Target Hack 9 Month Review
It’s been almost a year since the landmark Target hack was initiated. Target’s damage control of this major crisis has been effective, but very costly, which is a warning to other enterprises that might likely face similar retail data challenges.
The data breach during the holiday season of 2013 exposed 40 million customer debit and credit card accounts, a problem of massive proportions for the national retailer. Based on the results of the independent Verizon investigation, virtually nothing was in place to stop attackers from gaining complete access to every single cash register in every Target store. If that seems scary, it absolutely is. That statement alone should be enough to give chills to retail CEOs and major stockholders as well.
Verizon did a detailed study and what they found was alarming. Security consultants were able to communicate with point-of-sale registers from the core network. In one instance, they were able to communicate directly with cash registers in checkout lanes at one store after hacking a deli meat scale located at a different store. Once pentesters gained access there were no limits of where they could travel throughout the system.
The theory of how the hackers initially gained entry, is presented on several reputable sites is typical of a malware style; hack – one entry point and infiltrate many recipients. The theory proposed, (target will not confirm r deny) is that a small HVAC firm in Pennsylvania that worked with Target had first suffered its own email malware breach. In that intrusion, the thieves then discovered the virtual private network credentials the firm used to remotely connect to Target’s network. For them, it was a big payday. Target hackers used that initial legitimate hook, provided by the HVAC vendor, to push their malicious software down to all of the cash registers at more than 1,800 stores nationwide.
Ultimately it was a security blogger broke the news suggesting Target was hiding the bad news from customers after executives reported the breach to the DOJ. After, the company discreetly hired a forensic investigator. The quiet approach in this case didn’t work. It was seen that Target had failed to act on warning signs that a major breach was imminent. Target’s profits dropped almost 50 percent from the same time the previous year and customers lashed out at the company’s customer service hotline’s busy signal.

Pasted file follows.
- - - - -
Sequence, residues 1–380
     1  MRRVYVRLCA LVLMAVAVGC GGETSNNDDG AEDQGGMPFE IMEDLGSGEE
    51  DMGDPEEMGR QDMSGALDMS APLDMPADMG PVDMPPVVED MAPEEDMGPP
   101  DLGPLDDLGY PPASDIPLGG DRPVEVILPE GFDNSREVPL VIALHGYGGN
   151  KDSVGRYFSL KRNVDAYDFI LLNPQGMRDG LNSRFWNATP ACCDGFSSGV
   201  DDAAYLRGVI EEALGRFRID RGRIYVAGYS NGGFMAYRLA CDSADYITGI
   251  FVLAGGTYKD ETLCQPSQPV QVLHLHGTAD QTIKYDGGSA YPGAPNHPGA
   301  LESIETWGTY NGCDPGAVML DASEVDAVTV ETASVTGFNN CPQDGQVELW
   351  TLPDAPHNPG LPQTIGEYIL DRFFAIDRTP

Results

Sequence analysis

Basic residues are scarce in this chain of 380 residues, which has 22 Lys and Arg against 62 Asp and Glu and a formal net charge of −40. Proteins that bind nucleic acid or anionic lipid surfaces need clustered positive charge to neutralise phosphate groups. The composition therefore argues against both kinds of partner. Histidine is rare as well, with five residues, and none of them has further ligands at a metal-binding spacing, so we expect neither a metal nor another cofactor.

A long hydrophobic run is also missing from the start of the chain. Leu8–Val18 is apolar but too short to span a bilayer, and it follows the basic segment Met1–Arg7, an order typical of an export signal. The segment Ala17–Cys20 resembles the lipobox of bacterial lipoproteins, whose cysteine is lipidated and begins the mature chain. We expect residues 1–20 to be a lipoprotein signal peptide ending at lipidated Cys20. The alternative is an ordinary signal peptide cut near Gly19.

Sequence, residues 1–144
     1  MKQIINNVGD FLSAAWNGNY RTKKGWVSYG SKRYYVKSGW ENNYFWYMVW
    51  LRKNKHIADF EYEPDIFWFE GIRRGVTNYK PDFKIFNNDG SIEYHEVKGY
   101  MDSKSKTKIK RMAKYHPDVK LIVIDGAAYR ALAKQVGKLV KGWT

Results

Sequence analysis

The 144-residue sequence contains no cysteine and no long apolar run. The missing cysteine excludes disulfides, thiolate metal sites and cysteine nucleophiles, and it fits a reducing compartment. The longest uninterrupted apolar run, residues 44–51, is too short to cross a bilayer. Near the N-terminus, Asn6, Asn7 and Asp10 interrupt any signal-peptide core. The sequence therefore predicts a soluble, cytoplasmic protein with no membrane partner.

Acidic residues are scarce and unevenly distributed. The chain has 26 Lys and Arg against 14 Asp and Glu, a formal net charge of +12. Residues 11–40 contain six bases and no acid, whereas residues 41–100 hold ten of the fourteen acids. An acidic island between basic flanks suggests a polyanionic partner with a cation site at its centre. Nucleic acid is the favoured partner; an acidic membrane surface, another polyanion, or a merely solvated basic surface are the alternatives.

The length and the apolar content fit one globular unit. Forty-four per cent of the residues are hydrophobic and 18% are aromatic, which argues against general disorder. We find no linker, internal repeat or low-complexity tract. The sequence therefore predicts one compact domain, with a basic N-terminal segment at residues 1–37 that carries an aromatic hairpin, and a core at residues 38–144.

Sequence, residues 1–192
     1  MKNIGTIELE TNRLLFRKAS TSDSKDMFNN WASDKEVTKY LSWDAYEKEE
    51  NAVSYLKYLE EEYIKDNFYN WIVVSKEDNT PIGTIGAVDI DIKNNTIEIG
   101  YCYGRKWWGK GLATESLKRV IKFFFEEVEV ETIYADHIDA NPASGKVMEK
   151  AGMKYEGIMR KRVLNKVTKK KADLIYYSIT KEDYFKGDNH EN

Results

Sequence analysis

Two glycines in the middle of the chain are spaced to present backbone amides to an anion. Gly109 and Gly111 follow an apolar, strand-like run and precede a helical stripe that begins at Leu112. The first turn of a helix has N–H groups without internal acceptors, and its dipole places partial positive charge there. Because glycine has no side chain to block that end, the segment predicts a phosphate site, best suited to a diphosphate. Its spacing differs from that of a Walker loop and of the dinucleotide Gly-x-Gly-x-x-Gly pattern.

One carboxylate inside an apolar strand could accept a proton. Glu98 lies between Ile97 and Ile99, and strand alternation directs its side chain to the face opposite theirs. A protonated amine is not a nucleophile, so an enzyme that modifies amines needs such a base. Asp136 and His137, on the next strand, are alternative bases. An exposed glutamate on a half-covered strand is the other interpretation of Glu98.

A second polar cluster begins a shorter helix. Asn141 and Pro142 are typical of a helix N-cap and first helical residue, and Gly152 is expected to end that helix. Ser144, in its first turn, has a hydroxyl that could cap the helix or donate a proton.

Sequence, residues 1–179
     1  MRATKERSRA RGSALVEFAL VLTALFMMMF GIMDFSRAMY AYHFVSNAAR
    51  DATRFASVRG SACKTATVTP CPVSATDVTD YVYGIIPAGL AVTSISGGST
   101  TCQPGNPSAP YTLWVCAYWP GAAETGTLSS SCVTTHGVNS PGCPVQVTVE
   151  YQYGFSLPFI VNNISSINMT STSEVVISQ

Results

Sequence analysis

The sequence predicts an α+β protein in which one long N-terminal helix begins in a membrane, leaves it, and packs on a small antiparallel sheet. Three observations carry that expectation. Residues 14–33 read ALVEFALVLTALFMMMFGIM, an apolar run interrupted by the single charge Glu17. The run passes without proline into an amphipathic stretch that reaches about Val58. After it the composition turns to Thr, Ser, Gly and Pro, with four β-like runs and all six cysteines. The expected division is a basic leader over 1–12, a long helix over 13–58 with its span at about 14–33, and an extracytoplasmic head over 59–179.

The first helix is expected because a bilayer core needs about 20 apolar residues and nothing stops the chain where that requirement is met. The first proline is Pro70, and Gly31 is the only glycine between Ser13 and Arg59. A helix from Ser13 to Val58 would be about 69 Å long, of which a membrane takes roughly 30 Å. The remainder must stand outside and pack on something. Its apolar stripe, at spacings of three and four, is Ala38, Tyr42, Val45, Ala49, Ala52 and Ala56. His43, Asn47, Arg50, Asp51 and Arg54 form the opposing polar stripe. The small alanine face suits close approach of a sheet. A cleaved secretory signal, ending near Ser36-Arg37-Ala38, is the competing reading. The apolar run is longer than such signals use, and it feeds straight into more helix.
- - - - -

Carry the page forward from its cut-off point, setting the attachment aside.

To help foster some goodwill, Target announced a 10 percent discount the weekend before Christmas and offered free credit monitoring for affected customers. They rebuilt better security systems to identify risks and performed training for employees on information security measures. This was needed because the password creation was extremely weak i.e. about 20% of passwords started with a capital letter and ended with a number and 16% of the passwords ended with a single number.
After the smoke cleared, Target’s CEO and CIO resigned a few months after the attack.
At Pace Morgan Executive Search we speak with CIO and CISO leaders regularly about security strategy and team building. The clients we work use our firm fill roles from analyst through Chief Information Security officer. Over the last 3 months we conducted a survey of IT leadership and an overwhelming 100% agree;
Make people and process investments in cybersecurity teams BEFORE you get attacked. The impact of a cybersecurity intrusion can start from a very small unsuspected location and manifest itself like a cancer company wide is short order.
Having a systematic and defined procedural information security systems will limit the access points a cyber criminal can use to punch through your perimeter. And if they were to make it through a strong defense perimeter, monitoring systems and strong password controls can stop them soon after entry and before they infiltrate your entire organization. Yes, there is an expense associated to staff and related software and hardware, but the total cost is far less than having your organization get turned upside down and earning the dubious honor of multiple class action lawsuits.